Games » Chicago White SoxAug22
After this game I heard that the Royals had played 46 one-run games…or maybe it was 64…or 146…probably should’ve written it down. Let me start over: After this game I heard the Royals had played a lot of one-run games. The point being (as I said yesterday): they’ve got a losing record, but they’re competitive. They don’t get blown out very often. It happens, but not often. Watch the Royals and most of the time you see a competitive game.
A point of pride…
This game was won in extra innings by a two-out rally. Ned Yost thinks that’s important and so do I (to be fair, Ned doesn’t care what I think…heck, Ned doesn’t know who I am). But it’s a sign of a team that continues to battle throughout a game or an inning. It’s important not to mail it in.
Mailing it in…
Wilson Betemit lost points when he stopped between first and second so he wouldn’t run into a tag by Gordon Beckham. The second baseman was trying to complete a double play and Wilson was trying to make it difficult. By stopping, Wilson forced the throw to first: so far so good. Then, after Beckham threw to first, Wilson should’ve gotten in a rundown.
The idea is to force as many throws as possible, in hopes of a bad one. The runner also wants to run into anyone without the ball (turn and charge into a defender right after they release the ball) because that’s interference…or obstruction…maybe it’s negligence…or slander. Anyway, the runner gets the base. I think it’s the base he’s headed towards. Where’s Steve Palermo when you need him?
Apparently, Wilson’s heart wasn’t in it. Neither were his legs. Or his feet. Betamit just turned and walked back to the dugout, getting tagged in the process. I don’t have a ‘lack of fighting spirit’ category, so I went with ‘mental mistake’. On the other hand, hitting a bomb into the visiting bullpen in the second did help the cause a little bit.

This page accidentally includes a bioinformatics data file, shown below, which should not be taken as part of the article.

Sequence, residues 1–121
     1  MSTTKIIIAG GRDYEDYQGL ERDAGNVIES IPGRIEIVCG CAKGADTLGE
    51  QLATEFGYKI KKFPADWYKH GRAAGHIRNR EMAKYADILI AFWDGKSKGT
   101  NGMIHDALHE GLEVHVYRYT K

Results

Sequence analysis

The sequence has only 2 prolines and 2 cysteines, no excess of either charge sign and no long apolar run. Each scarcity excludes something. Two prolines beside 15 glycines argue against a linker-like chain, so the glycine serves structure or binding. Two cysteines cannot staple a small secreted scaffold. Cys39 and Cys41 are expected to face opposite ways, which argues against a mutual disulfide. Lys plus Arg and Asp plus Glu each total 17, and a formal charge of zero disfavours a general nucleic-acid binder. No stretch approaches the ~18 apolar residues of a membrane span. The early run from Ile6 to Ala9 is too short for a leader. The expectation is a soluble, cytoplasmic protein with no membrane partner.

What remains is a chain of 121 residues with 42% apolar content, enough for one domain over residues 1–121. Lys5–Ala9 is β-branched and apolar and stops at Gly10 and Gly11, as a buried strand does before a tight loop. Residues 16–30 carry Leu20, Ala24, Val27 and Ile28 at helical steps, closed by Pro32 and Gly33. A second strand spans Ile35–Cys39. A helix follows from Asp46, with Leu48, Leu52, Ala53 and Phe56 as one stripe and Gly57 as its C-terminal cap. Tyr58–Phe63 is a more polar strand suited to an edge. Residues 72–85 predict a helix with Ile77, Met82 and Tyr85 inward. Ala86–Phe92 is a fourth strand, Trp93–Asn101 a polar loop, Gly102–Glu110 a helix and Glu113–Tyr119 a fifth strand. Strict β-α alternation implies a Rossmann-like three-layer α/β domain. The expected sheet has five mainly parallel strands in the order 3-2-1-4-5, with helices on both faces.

Speaking of scoring…
Jason Kendall had the game-winning hit: a walk-off, RBI single…at least according to today’s box score. Actually, it was a double that split the left-center gap, but according to the rules, the batter has to run the hit all the way out to get credit. Continuing to run the bases after the winning run is scored is frowned on and Jason is pretty old-school. So he won’t get credit for another double, but he hit one.
Alex Gordon made another sliding catch in the 9th to send the game to extra innings Zack Greinke bounced off the mound to make a tough throw on a bunt to get the lead runner and the aforementioned Wilson Betemit stabbed a high chopper headed for left and, aided by a stretch by Kila Ka’aihue, got the runner.
Omar Vizquel broke too early from first while Sean O’Sullivan held the ball in the stretch. Sean’s teammates alerted him to the easy out available, but Sean balked while stepping off the rubber. It was the 11th inning and Vizquel represented the winning run, now in scoring position with two outs.
I would’ve bet money Jason Kendall was going to visit the mound (he did) and tell Sean to clear his head, forget the runner and make a pitch to the only guy that mattered: the hitter at the plate.
After the game, I asked Sean if that was the conversation and he said that was it exactly. When something upsetting happens, especially to a young pitcher, you don’t want him making another pitch without getting refocused. Recognizing that and getting O’Sullivan back on track is part of how Jason earns his money: he’s another coach right out there on the field.
Gregor Blanco stole third right before Kendall hit his game-winner. The White Sox didn’t try to stop him, so it might seem unimportant, but a runner on third can change what the pitcher throws. Depending on the blocking skill of the catcher, a pitcher might have to ease up on some of his breaking pitches or avoid them altogether. That’s part of what makes Kendall so valuable behind the plate: our guys can continue to crank off their best stuff. Their guys might not be in the same position.